Magazine article Risk Management

Finance Isn't Science: Why Wall Street's Models Will Always Have Limitations

Magazine article Risk Management

Finance Isn't Science: Why Wall Street's Models Will Always Have Limitations

Article excerpt

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JPMorgan Chase's multi-billion-dollar trading losses earlier this year due, in part, to the firm's over reliance on a "value at risk" model put Wall Street's love affair with models in the spotlight. Since the financial meltdown in 2008, more and more experts, including Emanuel Derman and Nassim Nicholas Taleb, have criticized how the sector uses models.

Derman, a professor at Columbia University and former head quant for Goldman Sachs, is outspoken on the limitations of modeling and the need for risk managers, along with CEOs, CFOs, financial engineers and traders, to keep their enthusiasm for modeling in check. "There isn't a short cut or mechanical formula that will help you figure out the right price for a financial product," said Derman in an interview, adding that, "these financial models are only trying to capture human emotions and instinctual feelings that we use to help us determine prices in financial markets. They are not absolute things like the distance from here to there or here to the sun, where everyone agrees on the distance."

In a presentation he gave before financial engineers earlier this year, Derman further explained how his view of financial modeling both coincides and differs from that of Taleb, author of The Black Swan. "Like Taleb, I think of many models as junk," said Derman in his presentation. But he also pointed out that, "unlike Taleb, I believe that you can't live without models."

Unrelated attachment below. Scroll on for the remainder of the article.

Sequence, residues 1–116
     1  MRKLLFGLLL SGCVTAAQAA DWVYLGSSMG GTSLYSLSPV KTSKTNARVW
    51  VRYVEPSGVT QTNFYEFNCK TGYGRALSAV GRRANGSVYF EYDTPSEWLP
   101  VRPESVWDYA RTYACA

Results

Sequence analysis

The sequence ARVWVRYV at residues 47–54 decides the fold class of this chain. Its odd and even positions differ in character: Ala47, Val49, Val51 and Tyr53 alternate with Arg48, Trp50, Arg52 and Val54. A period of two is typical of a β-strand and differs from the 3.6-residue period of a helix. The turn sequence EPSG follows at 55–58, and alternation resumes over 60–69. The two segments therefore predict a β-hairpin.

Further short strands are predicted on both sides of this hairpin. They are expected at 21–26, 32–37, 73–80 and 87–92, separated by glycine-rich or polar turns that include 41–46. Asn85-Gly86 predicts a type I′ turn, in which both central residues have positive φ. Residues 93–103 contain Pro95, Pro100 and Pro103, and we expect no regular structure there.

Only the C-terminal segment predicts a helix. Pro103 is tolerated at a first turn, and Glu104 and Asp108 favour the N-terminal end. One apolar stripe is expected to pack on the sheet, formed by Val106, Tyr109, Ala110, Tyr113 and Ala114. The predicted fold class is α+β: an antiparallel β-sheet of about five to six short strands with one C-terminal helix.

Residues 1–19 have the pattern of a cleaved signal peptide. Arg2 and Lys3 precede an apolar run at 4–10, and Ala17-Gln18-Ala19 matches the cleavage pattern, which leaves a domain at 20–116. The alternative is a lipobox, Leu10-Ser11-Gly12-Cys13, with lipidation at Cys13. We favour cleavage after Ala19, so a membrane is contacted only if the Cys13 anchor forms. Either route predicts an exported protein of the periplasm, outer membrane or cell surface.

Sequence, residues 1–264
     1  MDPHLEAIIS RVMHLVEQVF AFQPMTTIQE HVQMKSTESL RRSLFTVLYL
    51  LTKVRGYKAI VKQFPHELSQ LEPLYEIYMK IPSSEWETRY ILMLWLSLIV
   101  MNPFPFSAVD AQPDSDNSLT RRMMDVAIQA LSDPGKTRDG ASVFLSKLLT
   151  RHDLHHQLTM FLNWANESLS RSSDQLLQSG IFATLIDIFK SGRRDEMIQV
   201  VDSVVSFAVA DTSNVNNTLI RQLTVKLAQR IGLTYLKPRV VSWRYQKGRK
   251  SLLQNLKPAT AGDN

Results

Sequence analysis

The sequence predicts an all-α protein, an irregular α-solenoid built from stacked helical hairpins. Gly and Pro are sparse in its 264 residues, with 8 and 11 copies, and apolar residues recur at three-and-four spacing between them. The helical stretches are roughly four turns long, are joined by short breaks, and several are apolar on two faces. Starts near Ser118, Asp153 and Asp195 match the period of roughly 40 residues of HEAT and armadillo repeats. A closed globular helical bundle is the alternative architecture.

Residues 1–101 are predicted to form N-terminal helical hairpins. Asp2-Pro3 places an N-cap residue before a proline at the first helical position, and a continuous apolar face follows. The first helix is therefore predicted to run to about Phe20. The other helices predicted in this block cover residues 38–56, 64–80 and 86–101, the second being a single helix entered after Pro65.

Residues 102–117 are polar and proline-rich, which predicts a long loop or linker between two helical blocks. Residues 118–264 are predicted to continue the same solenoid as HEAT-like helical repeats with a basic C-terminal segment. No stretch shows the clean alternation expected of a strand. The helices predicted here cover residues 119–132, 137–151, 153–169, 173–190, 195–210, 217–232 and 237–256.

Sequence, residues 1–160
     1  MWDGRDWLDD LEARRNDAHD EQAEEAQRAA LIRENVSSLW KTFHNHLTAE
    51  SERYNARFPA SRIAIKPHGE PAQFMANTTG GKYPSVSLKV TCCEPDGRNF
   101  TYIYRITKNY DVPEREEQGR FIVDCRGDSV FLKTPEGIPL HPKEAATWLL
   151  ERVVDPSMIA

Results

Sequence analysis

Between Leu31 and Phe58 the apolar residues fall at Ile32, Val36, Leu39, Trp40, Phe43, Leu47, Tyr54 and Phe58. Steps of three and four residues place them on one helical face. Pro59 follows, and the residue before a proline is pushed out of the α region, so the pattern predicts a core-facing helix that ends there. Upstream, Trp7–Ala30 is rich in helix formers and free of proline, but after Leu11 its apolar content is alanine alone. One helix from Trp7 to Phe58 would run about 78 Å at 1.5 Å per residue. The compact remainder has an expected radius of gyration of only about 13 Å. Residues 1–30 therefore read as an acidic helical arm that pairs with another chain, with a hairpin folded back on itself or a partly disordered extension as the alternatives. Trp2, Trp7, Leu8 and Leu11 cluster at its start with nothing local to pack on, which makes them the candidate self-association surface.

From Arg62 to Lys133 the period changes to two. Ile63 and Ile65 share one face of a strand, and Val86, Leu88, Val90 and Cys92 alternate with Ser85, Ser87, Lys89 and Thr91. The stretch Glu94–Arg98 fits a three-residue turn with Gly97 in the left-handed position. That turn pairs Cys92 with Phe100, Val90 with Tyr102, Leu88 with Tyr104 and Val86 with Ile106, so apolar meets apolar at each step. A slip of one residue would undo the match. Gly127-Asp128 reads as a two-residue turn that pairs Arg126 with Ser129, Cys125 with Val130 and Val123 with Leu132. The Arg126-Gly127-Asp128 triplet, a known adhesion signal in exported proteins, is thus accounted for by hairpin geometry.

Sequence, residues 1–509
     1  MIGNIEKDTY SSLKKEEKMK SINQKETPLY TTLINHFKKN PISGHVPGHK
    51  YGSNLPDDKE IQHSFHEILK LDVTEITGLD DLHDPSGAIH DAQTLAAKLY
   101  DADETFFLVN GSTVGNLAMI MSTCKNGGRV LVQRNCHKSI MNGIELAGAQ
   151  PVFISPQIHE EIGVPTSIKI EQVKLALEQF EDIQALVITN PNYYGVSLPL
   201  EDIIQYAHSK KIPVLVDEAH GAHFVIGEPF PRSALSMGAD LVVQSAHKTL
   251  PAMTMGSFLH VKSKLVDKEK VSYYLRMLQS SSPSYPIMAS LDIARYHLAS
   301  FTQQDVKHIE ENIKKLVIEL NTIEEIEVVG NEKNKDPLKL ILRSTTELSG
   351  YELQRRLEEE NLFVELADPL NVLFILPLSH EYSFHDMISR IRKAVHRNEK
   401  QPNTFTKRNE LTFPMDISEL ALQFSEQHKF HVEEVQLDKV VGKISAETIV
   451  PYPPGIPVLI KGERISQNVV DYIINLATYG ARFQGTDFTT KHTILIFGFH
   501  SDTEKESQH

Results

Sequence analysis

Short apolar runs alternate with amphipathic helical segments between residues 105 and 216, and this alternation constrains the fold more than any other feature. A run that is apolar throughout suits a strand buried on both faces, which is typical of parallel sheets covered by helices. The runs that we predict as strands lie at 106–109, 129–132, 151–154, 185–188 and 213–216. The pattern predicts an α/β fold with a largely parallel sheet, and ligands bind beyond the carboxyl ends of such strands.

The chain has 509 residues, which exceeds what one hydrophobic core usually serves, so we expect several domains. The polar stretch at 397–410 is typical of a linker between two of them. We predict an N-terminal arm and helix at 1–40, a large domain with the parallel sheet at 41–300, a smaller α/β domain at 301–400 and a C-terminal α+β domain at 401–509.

He views select ones, such as the Black-Scholes model for option pricing, as valuable and extremely well constructed. And he sees other, less-ambitious models as simply helpful, time-saving tools. Since he, along with industry pioneers Fischer Black and Bill Toy, developed the BlackDerman-Toy model, a landmark interest rate calculation still used today for bond options and interest rate derivatives, this appreciation should come as no surprise.

But his views on the limitations, which he lays out in his 2011 book Models.Behaving.Badly, are similarly rooted in first hand experience. In the book, Derman discusses growing up in Apartheid South Africa and observing the failed political and social structure models there. He also recounts the impact of his experience of moving to the United States, where he earned a Ph.D. in theoretical physics from Columbia University.

In light of his studies of physics and the material world, he carefully differentiates the development of scientific theories based on inanimate matter from the construction of financial models that must contend with the complexities and uncertainties of human behavior. But this was not always the case. When he first began as a quant on Wall Street, he believed, for awhile at least, that it was possible to apply physics successfully to finance. But after 20 years on Wall Street, Derman became a determined disbeliever.

"When I came out of physics, back in 1985, I really did believe, naively, that financial modeling could be like physics modeling and that there might be a grand unified theory of interest rates," said Derman. He believes that having the opportunity to work with a realist like Fischer Black helped him change and evolve his thinking. "Black did not think that way. He clearly understood the limitations of models, and he was closer to the real world than many other academics."

Derman clarifies his thinking on the matter this way: "The similarity of physics and finance lies more in their syntax than their semantics. …

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